I miss the field trips of my childhood to some of Chicago’s greatest museums – the Art Institute, the Museum of Science and Industry, The Field Museum. It’s a treat to watch these free virtual field trip experiences with Chicago’s Mayor Lori Lightfoot created for the “Stay Home. Hit Play” campaign.

In addition to the museums I know, we get great inside looks at other museums like the DuSable Museum of African American History – the nation’s oldest, independent black museum – and the National Museum of Mexican Art.

Click HERE for the virtual field trips.

#6. Museum of the American Revolution

The Museum of the American Revolution opened in Philadelphia in 2017 and I’ve always wanted to check it out. With their free virtual tour, I can peruse its exhibits at my leisure.

They also offer a free virtual field trip option perfect for students.

Click HERE for the virtual tour.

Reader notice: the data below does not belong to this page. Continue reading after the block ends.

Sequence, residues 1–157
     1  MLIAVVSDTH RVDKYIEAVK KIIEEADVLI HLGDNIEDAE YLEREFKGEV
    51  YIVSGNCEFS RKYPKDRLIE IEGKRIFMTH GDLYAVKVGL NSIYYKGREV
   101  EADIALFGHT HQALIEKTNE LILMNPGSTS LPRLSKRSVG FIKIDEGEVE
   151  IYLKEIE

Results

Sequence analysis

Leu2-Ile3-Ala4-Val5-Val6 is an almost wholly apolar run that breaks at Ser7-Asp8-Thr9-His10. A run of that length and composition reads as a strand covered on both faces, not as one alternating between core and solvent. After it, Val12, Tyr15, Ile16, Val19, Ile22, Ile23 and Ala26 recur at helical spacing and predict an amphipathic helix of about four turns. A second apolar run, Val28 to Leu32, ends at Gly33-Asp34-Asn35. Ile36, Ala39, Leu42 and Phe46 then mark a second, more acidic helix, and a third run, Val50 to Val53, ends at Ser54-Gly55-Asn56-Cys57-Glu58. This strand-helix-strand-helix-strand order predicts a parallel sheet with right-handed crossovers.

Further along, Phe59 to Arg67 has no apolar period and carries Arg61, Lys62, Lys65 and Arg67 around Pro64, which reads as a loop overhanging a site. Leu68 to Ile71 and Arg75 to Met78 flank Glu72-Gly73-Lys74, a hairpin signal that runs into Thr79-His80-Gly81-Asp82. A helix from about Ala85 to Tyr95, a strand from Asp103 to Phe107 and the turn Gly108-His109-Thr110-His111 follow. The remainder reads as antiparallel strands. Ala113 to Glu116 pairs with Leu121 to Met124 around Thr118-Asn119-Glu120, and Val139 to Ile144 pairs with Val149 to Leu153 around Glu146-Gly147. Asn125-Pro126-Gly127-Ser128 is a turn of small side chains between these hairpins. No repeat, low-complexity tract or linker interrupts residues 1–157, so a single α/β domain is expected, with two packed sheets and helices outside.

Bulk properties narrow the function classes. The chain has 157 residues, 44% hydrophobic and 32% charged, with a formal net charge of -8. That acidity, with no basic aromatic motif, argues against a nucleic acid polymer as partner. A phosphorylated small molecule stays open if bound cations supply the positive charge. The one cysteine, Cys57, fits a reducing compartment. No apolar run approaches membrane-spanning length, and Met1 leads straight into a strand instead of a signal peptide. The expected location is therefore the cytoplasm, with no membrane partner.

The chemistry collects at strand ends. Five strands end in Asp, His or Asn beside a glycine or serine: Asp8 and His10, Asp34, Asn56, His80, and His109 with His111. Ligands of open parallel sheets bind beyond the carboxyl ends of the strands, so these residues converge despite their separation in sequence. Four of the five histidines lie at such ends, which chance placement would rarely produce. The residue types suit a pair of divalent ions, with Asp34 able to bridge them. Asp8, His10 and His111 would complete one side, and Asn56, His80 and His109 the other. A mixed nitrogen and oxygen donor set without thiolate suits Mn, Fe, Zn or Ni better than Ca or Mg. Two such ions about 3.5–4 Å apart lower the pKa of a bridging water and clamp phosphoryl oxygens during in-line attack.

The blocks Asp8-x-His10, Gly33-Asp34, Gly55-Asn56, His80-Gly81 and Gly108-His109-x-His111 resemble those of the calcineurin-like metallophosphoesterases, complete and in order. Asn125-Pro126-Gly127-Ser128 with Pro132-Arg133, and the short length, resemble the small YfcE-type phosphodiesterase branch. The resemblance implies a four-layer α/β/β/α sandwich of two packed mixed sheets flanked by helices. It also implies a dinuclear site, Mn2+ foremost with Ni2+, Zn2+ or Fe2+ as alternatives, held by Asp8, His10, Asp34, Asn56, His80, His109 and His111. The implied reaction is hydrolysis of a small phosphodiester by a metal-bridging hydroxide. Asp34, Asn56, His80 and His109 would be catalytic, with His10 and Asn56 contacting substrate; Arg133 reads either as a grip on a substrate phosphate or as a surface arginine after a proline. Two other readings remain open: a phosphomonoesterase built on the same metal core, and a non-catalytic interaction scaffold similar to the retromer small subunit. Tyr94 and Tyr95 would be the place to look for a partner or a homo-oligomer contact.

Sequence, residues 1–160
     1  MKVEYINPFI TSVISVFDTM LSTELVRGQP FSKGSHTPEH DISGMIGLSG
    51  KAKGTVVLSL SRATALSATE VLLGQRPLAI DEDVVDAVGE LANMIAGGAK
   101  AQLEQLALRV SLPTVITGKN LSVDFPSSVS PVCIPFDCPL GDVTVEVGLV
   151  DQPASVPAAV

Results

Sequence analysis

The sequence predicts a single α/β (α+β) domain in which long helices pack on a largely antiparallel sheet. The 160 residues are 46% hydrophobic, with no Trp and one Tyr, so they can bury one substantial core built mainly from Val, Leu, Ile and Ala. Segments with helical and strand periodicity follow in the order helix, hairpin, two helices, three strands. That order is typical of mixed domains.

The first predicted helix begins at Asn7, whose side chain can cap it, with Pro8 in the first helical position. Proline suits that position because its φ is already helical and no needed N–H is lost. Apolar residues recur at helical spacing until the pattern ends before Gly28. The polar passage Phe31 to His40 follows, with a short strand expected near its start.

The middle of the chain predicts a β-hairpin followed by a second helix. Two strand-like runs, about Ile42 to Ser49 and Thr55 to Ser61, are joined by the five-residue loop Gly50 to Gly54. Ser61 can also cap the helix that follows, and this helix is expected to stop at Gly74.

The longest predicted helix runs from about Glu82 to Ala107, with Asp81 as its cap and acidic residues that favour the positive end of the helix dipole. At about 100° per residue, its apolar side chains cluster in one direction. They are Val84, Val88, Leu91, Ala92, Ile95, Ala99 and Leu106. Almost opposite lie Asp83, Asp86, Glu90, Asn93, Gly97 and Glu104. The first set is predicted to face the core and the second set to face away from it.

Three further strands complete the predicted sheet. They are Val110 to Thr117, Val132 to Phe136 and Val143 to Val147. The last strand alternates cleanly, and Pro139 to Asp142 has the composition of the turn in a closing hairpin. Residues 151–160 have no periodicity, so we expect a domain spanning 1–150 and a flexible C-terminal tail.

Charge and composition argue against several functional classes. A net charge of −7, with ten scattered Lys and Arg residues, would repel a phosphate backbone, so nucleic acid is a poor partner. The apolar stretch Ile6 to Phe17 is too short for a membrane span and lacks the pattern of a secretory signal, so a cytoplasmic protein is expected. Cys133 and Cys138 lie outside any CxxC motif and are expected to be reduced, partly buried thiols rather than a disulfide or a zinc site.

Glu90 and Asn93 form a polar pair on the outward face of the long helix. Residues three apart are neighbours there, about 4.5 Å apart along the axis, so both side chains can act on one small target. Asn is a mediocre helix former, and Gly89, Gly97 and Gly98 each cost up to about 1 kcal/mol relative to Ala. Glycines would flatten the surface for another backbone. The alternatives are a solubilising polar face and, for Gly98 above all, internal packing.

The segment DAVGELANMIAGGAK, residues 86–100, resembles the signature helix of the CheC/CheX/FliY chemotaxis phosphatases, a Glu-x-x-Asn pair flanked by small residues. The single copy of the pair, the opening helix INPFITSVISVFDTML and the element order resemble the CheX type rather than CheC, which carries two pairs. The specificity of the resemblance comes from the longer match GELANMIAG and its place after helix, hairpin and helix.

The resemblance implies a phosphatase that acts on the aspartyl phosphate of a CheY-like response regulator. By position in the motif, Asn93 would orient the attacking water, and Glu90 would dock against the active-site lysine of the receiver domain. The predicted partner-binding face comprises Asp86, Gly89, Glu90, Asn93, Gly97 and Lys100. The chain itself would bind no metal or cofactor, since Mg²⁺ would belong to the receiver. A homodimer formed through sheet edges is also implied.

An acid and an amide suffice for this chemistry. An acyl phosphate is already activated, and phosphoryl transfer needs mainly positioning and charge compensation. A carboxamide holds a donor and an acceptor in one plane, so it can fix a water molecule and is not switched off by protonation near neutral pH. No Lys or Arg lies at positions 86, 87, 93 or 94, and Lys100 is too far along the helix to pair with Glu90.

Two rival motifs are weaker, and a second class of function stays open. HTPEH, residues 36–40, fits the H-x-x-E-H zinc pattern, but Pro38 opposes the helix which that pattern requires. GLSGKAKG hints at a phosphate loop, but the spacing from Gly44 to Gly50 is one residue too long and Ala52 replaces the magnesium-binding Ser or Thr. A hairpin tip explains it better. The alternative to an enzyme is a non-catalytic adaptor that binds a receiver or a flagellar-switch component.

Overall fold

#7. George Washington’s Mount Vernon

Like Monticello, Mount Vernon has a similar free virtual tour offering that gives you access to parts of the house you’d be extremely lucky to see otherwise – including a majestic 360 degree view from inside the cupola at the top of the mansion.

Click HERE for the virtual tour.

#8. Winchester Mystery House

This is a far cry from the Founders’ homes on the East Coast, but the owner’s dedication to construction is even more obsessive than Washington’s or Jefferson’s.

Built in San Jose, California by Sarah Winchester, this house was constantly under construction from 1886 to Winchester’s death 36 years later in 1922. Her bizarre passion project was, according to legend, an effort to confuse the restless spirits of victims of her husband William Winchester’s rifle company. There are stairs leading to nowhere, doors that open into walls, 160 rooms, and 10,000 windows.

For $8.99 you can get unlimited forever-access to an immersive virtual tour through the entire mansion, including areas that are usually off limits to in-person tours.

I’ve always wanted to go to the Winchester Mystery House, and I’ll be saving this experience for closer to Halloween.

Click HERE for the immersive virtual tour.


Do you have a favorite online learning experience or virtual tour you’d like to share? Let me know in the comments!